A new study explains why many of us find it easier to work and learn when sitting with our laptops in busy places. The answer is simple: modest ambient noise (around 70 decibels) triggers the part of our brains responsible for abstract and creative thinking.
Photo by Steven Harris.
The full study, published in the December edition of the Journal of Consumer Research, describes how researchers conducted five separate experiments to see how noise level influenced productivity and creative cognition. Their results, according to a report by The Atlantic, were fairly clear:
Compared to a relatively quiet environment (50 decibels), a moderate level of ambient noise (70 dB) enhanced subjects' performance on the creativity tasks, while a high level of noise (85 dB) hurt it. Modest background noise, the scientists explain, creates enough of a distraction to encourage people to think more imaginatively.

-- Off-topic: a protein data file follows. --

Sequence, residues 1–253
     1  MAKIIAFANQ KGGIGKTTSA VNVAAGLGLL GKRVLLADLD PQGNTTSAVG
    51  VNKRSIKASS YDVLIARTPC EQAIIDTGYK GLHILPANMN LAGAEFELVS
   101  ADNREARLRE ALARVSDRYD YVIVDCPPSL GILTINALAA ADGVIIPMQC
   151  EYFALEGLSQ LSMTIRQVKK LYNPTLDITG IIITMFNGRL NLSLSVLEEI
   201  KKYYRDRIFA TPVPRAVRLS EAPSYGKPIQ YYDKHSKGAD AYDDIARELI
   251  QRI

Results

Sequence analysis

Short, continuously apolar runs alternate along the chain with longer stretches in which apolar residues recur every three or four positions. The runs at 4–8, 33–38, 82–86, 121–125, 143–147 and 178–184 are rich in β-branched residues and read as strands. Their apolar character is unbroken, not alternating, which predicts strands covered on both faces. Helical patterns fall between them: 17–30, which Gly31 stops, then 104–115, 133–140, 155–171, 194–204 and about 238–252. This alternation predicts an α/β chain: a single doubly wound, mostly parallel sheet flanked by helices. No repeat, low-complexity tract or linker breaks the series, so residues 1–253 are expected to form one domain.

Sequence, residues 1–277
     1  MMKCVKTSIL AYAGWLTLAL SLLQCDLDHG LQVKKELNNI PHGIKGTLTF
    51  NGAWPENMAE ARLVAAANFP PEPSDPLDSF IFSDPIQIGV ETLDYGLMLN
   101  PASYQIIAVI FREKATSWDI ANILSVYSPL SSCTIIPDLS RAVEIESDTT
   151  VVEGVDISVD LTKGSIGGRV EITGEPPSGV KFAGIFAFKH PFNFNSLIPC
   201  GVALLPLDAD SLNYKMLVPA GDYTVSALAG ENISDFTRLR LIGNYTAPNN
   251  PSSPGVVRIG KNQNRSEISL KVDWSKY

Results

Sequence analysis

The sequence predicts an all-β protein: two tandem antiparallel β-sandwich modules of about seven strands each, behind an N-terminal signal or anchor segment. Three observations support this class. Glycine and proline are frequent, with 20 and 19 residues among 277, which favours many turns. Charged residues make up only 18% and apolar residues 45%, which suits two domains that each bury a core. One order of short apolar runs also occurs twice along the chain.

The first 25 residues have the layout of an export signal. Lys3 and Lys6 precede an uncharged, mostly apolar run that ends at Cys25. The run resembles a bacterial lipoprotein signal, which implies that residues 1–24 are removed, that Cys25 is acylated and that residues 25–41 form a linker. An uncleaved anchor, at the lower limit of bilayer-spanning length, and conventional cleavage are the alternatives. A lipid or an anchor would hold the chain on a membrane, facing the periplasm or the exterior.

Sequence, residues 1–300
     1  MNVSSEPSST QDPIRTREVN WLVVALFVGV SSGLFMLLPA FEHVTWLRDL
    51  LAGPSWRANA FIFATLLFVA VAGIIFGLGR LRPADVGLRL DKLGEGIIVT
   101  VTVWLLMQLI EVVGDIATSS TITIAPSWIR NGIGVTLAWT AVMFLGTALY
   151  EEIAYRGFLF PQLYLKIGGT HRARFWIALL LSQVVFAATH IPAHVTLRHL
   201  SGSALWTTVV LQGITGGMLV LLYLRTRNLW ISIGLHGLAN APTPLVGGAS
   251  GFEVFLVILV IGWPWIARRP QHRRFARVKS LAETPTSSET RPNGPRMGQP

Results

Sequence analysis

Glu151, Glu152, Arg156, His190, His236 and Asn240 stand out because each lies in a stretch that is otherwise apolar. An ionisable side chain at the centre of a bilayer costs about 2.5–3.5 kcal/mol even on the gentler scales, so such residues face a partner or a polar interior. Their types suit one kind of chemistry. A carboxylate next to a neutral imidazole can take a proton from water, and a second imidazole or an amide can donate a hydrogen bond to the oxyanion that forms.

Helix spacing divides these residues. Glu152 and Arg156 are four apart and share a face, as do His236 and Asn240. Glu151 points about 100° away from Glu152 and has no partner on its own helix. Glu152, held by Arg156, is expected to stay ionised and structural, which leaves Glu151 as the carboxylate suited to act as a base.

They also include a helpful chart describing various decibel levels and the types of noise you may be used to hearing at each level. The researchers suggest that if you're the type who enjoys a little ambient noise, a trip to the coffee shop may be in order over a quiet library, although I've been in libraries with just the right amount of noise as well.
Science aside, how well you work is a highly individual thing, and we're sure many of you work better in absolute silence while others need some background noise or music to get in the zone. I think we can all agree that too much noise makes it impossible to get anything done. If you do go to the coffee shop to work, make sure to be courteous and follow some basic rules of etiquette while you're there.